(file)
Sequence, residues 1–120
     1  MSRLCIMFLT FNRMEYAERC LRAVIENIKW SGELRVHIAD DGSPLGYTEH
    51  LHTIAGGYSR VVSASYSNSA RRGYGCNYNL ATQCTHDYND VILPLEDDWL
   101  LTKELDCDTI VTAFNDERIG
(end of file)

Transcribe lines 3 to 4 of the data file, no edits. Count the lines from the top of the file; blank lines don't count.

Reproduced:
    51  LHTIAGGYSR VVSASYSNSA RRGYGCNYNL ATQCTHDYND VILPLEDDWL
   101  LTKELDCDTI VTAFNDERIG